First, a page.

By now we have seen many wonderful anecdotes and comments about legendary UCLA men’s basketball coach John Wooden, who died recently at age 99. Through all of the testimonials, it finally struck me why I am so eternally grateful to this successful and upstanding man.
Every time I saw Wooden referred to as a life coach by athletes who had played under his tutelage, it gave me pause. But what made the most impact, I realized, was the positive connotation of the term ‘life coach’ as it appeared in story after story.
It is so rare to see this term used in the media without sarcasm-laced quote marks around it. As in, Jennifer Aniston has hired a “life coach” to help her do this or that. Or conversationally we hear snide comments about how someone “needs” a life coach.
Like any other profession, mine has its share of spacey folks or hardcore salespeople or whatnot, but for the most part this is a profession filled with people who want others to make the most of their lives. It is noble, at the very least. And most of us are open to what else we can learn to better ourselves and our clients.
That brings me back to Wooden. With so many people singing his praises, what can our profession learn from his life?
I believe it all comes back to his seven-point creed:
- Be true to yourself.
- Make each day your masterpiece.
- Help others.
- Drink deeply from good books, especially the Bible.
- Make friendship a fine art.
- Build a shelter against a rainy day.
- Pray for guidance and give thanks for your blessings every day.
Do you see the words “basketball” or “winning” in there? Anyone?
It’s a funny thing about sports. After nearly 15 years as a sports writer/columnist, I saw coaches who knew how to win but did not necessarily teach life lessons, I saw coaches who couldn’t post a winning record but taught valuable life lessons, and pretty much everything in between.
Wooden amassed a record of 664 wins and162 losses and won an NCAA-record 10 national championships in his tenure at UCLA. That is crazy good. But it only served to bring attention to what was ultimately his overarching message: living a “total” life.
I came across a piece on Chattanoogan.com by Larry Miller, the chief academic officer of Snead State Community College, that was so telling in this regard. While a grad student of geography at UCLA, he recalls having breakfast with some fellow grad students when Wooden came along and asked to join them. He inquired about each of them and their studies.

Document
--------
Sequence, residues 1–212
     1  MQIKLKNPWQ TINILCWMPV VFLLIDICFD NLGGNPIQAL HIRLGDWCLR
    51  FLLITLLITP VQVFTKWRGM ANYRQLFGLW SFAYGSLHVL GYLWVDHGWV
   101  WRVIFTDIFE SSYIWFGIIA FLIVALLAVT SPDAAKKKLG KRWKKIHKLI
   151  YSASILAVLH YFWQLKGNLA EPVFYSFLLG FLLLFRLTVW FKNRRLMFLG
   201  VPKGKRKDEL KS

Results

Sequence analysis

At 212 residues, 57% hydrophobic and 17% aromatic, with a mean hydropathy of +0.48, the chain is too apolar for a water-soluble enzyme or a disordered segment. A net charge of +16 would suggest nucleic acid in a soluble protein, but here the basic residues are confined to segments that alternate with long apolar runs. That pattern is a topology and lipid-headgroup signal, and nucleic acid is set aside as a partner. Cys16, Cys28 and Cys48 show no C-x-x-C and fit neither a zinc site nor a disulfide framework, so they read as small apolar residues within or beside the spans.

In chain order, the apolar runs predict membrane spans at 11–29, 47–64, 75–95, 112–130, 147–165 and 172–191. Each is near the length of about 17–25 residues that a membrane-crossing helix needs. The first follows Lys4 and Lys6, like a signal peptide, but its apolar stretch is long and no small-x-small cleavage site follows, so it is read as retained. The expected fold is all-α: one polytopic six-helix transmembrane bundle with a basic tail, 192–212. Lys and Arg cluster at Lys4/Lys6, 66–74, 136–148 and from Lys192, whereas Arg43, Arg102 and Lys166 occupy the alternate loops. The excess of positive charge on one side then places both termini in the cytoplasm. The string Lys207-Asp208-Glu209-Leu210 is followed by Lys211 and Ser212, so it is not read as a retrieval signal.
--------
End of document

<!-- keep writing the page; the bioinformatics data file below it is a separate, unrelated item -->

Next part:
“This man, at the peak of his success as a coach, had taken the time to visit with us,” Miller writes. “He was genuinely interested in each one of us.”
Months later, Miller was sitting with a different group and Wooden approached that table as well. Miller was stunned when the coach asked him how his research on conservation was coming.
“I began to pay even more attention to this great man,” Miller writes. “He had transcended in my view from an athletic coach to a life coach.”
That from someone not on the basketball roster.
Eschewing Webster’s definition of success (see his TED talk) around materialism, wealth or position, Wooden created his own: Success is peace of mind which is a direct result of self-satisfaction in knowing you did your best to become the best that you are capable of becoming.
That is where we ideally steer our clients – to use their gifts to full potential and live life fully in the process. That’s not a bad check to do on ourselves regularly, is it? As we review the work we’re doing with clients, how much emphasis are we helping them put on well-roundedness and self-satisfaction? That is so key.
Then again, are we in that place ourselves? Are we looped in a cycle of materialism and workaholism or are we walking our talk of being present and focusing on what matters most to us?
John Wooden was consistent in how he lived and what he taught. That’s why the term life coach keeps coming up around him without the quote marks.
I am ever grateful to him for that.